Delaware has started construction on its South Wilmington Wetlands Project, which aims to reduce flooding and restore degraded wetlands.
Delaware officials have begun the construction of the $25 million South Wilmington Wetlands Park project, reported 1st State Update.
According to Mayor Purzycki’s press release, the purpose of the wetland park project is to create a storm water management facility that will reduce flooding in Southbridge. The project also has the goal to restore 14 acres of degraded wetland to a freshwater tidal wetland habitat in South Wilmington. The most prominent design feature of the project is a pathway through the heart of the park.
“For too long, Southbridge neighborhood residents in Wilmington have endured chronic flooding – damaging homes, businesses and infrastructure,” said Delaware U.S. Congresswoman Lisa Blunt Rochester in the press release. “I am optimistic that the wetland project will help promote economic growth and environmental justice, protect home and business owners and provide an open and accessible community space for Southbridge residents.”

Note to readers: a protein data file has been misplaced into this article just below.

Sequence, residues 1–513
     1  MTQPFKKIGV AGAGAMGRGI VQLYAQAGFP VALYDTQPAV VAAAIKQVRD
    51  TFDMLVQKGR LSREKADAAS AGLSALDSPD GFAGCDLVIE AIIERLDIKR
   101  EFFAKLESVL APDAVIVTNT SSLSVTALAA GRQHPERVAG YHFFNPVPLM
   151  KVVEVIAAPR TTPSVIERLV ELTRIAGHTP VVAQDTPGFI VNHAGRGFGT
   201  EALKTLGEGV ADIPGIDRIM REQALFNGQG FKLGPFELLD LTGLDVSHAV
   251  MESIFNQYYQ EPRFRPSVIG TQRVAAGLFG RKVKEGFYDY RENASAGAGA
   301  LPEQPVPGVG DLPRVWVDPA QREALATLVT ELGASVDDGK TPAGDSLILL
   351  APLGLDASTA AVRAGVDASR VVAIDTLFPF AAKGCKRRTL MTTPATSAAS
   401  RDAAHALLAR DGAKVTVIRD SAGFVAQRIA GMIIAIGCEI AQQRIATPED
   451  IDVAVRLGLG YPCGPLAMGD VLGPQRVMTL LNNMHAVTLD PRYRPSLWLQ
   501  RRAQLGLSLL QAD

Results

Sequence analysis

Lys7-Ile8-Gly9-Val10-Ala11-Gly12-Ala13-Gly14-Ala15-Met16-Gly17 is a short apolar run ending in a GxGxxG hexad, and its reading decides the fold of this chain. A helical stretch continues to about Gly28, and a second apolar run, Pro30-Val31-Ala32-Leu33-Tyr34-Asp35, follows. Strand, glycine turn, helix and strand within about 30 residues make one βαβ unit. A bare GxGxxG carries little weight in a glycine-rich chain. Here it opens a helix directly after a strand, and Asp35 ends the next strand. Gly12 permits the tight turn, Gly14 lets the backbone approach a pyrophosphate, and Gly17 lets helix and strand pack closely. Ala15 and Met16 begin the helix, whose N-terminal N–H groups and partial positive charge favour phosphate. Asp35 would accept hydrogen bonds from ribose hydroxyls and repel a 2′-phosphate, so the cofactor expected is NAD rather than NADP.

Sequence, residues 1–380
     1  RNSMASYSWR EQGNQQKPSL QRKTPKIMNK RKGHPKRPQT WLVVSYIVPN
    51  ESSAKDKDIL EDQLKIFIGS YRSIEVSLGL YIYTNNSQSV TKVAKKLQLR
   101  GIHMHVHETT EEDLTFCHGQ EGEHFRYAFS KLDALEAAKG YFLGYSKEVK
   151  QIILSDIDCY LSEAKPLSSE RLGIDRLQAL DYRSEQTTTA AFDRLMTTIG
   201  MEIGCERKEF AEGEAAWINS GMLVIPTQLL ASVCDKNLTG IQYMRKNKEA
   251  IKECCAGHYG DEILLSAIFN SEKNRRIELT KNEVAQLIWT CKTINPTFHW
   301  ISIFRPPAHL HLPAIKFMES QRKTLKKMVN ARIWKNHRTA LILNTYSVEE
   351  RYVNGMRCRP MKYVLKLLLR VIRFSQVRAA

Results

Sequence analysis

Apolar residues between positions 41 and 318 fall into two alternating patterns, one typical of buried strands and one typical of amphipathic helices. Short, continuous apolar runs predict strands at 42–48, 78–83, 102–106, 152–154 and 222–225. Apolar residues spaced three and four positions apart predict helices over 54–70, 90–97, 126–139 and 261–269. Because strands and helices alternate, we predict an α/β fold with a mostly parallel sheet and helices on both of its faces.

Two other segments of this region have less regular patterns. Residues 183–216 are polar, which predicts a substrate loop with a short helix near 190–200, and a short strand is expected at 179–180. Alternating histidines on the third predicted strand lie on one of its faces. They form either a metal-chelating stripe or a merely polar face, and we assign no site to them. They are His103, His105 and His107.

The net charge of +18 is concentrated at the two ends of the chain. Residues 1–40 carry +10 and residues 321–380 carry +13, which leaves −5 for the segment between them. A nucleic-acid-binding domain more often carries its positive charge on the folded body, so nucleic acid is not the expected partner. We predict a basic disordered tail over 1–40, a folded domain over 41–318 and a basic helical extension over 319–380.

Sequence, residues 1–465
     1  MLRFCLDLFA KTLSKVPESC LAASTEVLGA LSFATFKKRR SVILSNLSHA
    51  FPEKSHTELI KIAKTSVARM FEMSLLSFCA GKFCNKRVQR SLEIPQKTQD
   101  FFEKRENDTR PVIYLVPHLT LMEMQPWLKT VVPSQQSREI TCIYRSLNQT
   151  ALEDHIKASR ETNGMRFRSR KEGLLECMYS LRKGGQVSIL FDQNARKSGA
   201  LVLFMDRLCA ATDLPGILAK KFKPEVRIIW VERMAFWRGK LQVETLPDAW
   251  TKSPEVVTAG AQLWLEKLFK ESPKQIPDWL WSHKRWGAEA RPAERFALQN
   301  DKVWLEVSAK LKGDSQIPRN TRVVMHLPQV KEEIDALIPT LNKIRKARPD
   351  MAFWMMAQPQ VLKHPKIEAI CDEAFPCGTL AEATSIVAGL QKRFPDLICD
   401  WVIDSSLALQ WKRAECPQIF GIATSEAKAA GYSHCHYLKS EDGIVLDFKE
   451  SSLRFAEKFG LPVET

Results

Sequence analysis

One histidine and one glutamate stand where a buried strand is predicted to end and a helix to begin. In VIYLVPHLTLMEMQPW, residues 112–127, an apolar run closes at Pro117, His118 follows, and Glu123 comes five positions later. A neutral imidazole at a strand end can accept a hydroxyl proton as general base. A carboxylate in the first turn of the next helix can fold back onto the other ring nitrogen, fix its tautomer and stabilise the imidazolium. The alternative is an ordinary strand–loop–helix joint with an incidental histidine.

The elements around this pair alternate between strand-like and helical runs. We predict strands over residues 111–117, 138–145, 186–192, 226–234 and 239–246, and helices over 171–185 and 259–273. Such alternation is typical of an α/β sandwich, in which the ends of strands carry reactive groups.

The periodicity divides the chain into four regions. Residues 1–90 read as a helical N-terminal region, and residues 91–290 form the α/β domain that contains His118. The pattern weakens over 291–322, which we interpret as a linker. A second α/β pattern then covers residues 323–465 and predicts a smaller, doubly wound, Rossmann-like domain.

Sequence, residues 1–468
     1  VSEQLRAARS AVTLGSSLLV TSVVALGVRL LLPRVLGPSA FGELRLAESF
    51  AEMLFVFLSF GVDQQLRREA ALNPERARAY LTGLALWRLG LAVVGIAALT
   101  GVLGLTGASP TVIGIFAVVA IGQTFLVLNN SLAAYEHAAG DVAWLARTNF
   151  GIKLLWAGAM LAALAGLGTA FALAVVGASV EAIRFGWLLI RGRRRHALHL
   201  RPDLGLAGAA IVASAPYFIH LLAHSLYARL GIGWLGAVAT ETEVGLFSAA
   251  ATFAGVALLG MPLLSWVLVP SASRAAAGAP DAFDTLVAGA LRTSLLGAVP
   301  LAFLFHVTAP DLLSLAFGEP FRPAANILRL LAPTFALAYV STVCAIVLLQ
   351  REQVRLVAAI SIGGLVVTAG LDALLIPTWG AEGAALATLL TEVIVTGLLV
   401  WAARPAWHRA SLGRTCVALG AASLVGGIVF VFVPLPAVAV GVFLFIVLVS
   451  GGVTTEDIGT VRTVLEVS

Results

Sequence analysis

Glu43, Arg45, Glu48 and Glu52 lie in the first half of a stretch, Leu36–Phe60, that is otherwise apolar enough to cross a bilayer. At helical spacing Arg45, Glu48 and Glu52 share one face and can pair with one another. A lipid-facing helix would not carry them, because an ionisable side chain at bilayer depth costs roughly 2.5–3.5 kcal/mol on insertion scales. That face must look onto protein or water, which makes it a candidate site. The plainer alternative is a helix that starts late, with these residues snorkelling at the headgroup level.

Planning for this project began more than 15 years ago, according to 1st State Update.
The project is expected to be completed in late 2020.
Funding for the project includes $21 million in city capital funds and a $3 million grant from the National Fish and Wildlife Foundation (NFWF) and the National Oceanic and Atmospheric Administration (NOAA). The remaining funding came from the federal and state governments and the Nature Conservancy.
“This project is a big deal for Wilmington,” said the mayor, “especially for the residents of the Southbridge community and other parts of South Wilmington, which have had to deal with persistent, damaging flooding for far too long. I’m sure that the South Wilmington Wetlands Park will make a huge difference for this part of the city. It won’t solve all of our high-water problems, but it will help to mitigate these issues and provide a beautiful park for everyone to enjoy.”
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